The Gateway Arch

Monument to History

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"A Massive Piece of Art"

Writer Phil Dotree said it best: “The Gateway Arch is the type of monument that every person should check out when they’re near St. Louis. It’s like the Empire State Building or

the Sears Tower, but it’s something more than that. The Arch isn’t just tall. It’s a massive piece of art, a symbol of exploration.” When people hear of St. Louis, they often think first of the Gateway Arch. It is one of the world’s great monuments. This amazing structure, four decades in the making, proudly represents important parts of our American history.

A Masterpiece a Long Time in the Making

The Gateway Arch had its beginnings in the middle of the 20th Century. During the Great Depression, attorney and civil leader Luther Ely Smith wanted to make a monument to restore the city’s riverfront area and boost tourism. From 1947-1948, a competition was held to choose the best design. Finnish-American Eero Saarinen was the architect, and Hanskaarl Bandel was the engineer ( Construction took place from 1962 through 1965 on what would become the tallest man-made monument in the United States.

A Challenging Project

The construction of the Gateway Arch was very challenging but successful. No one had ever tried to build such a large arch, and new construction methods had to be invented. It was built upwards from the ground from its two bases, one segment at a time. The lower segments were so large they had to be made in three parts and welded together at the site. Each large section was lifted into place and welded onto the previous section. A new kind of elevator system had to be designed and built inside the Arch. When completed, the monument was an arch, wider at the bases and becoming narrower as it reached its top and center, with 30 windows in its top sections.

A Symbol of Momentous History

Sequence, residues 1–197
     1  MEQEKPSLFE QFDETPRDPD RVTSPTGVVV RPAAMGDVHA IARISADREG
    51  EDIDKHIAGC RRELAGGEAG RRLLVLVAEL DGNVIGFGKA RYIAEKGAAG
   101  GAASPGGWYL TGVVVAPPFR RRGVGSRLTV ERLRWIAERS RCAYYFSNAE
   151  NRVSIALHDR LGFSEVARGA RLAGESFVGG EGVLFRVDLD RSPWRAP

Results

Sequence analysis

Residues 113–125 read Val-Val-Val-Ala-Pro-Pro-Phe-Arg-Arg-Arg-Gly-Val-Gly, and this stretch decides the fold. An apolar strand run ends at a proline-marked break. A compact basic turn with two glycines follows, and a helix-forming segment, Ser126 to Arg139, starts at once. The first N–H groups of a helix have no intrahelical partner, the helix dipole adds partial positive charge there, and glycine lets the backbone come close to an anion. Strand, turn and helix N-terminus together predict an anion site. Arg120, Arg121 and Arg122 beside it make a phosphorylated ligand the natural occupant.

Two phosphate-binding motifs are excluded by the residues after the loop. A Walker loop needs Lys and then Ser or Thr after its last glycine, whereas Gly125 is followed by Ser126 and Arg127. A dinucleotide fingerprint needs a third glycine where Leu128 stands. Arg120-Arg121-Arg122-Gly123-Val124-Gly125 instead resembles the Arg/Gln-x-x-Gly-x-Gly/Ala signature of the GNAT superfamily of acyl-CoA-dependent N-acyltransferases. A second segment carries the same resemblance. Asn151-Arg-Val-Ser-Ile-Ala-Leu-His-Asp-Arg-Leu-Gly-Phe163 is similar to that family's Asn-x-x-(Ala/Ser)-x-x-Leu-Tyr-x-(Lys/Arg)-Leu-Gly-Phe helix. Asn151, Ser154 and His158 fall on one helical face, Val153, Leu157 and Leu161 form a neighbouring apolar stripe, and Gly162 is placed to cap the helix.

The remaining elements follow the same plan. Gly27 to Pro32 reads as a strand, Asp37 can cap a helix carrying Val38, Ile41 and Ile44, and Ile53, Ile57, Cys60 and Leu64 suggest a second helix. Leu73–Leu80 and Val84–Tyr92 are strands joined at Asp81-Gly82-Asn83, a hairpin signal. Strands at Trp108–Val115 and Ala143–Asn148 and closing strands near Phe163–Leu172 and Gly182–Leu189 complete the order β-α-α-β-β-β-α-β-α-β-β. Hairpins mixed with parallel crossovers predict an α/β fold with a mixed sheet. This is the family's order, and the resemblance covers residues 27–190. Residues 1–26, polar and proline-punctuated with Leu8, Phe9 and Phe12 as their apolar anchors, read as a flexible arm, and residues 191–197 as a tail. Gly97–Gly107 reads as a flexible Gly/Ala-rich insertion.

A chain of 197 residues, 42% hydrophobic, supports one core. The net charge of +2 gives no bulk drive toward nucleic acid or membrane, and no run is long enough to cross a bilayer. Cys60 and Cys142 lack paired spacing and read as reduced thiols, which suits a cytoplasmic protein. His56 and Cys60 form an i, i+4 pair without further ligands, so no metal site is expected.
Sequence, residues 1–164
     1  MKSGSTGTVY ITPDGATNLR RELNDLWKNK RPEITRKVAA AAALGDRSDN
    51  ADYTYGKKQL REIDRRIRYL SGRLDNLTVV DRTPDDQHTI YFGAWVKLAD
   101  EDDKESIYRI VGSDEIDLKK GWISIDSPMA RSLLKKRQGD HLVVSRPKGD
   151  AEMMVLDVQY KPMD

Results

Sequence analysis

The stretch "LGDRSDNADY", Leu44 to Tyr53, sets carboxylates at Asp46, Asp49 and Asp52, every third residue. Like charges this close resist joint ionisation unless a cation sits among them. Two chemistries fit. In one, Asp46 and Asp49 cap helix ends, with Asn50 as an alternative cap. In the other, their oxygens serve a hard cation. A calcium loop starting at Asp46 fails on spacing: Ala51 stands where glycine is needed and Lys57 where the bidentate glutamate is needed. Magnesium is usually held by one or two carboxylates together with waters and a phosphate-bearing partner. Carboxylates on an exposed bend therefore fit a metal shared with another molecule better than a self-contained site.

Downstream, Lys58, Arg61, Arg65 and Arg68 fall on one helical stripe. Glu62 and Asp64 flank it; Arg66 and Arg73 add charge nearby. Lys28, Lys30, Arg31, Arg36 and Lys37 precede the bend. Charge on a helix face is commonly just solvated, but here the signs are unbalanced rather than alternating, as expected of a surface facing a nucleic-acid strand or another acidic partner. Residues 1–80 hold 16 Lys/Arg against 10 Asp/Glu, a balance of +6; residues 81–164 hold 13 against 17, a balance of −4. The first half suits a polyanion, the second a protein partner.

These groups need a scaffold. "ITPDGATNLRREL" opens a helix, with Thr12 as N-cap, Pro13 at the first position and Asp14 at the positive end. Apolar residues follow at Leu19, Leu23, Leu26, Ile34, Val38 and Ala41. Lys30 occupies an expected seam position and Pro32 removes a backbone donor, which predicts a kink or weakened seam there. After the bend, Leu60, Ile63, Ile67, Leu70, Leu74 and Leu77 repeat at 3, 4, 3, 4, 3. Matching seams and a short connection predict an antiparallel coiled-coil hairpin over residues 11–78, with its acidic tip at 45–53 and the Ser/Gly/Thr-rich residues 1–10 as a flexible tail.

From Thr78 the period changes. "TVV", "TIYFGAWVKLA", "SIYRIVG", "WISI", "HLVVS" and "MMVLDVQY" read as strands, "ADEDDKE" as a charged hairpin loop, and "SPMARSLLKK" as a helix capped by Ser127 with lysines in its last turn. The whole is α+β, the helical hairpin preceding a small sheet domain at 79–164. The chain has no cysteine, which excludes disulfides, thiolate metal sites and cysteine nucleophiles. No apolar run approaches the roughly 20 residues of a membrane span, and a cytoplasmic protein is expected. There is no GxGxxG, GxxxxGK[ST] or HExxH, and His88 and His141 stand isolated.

The Gateway Arch represents three important parts of United States history. The Gateway Arch celebrates the Louisiana Purchase, which greatly expanded available land for settling westward. The Arch commemorates the first church west of the Mississippi in 1767. The Cathedral Basilica now stands on the land where the old church as built. The Cathedral Basilica is very close to the Gateway Arch. The monument also represents the Dredd Scott Supreme Court Decision of 1857. Dred Scott, a slave who had lived with his owner in a free state before returning to the slave state of Missouri, sued for his freedom and lost. This decision raised tensions throughout the country and helped lead to the Civil War. The Gateway Arch is actually a part of the Jefferson National Expansion Memorial on the banks of the Mississippi River.
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A World-Class Monument

The long labor of building the Gateway Arch created one of the greatest commemorations of our American history, as well as a massive piece of art. Without it, St. Louis just would not be the same city it is today. The words spoken by Vice-President Hubert Humphrey at the Arch’s inauguration are as true today as it was in the 1960’s when he said the Arch was “’a soaring curve in the sky that links the rich heritage of yesterday with the richer

future of tomorrow’ and brought ‘new purpose’ and a ‘new sense of urgency to wipe out every slum…Whatever is shoddy, whatever is ugly, whatever is waste, whatever is false, will be measured and condemned’ in comparison to the Gateway Arch.”


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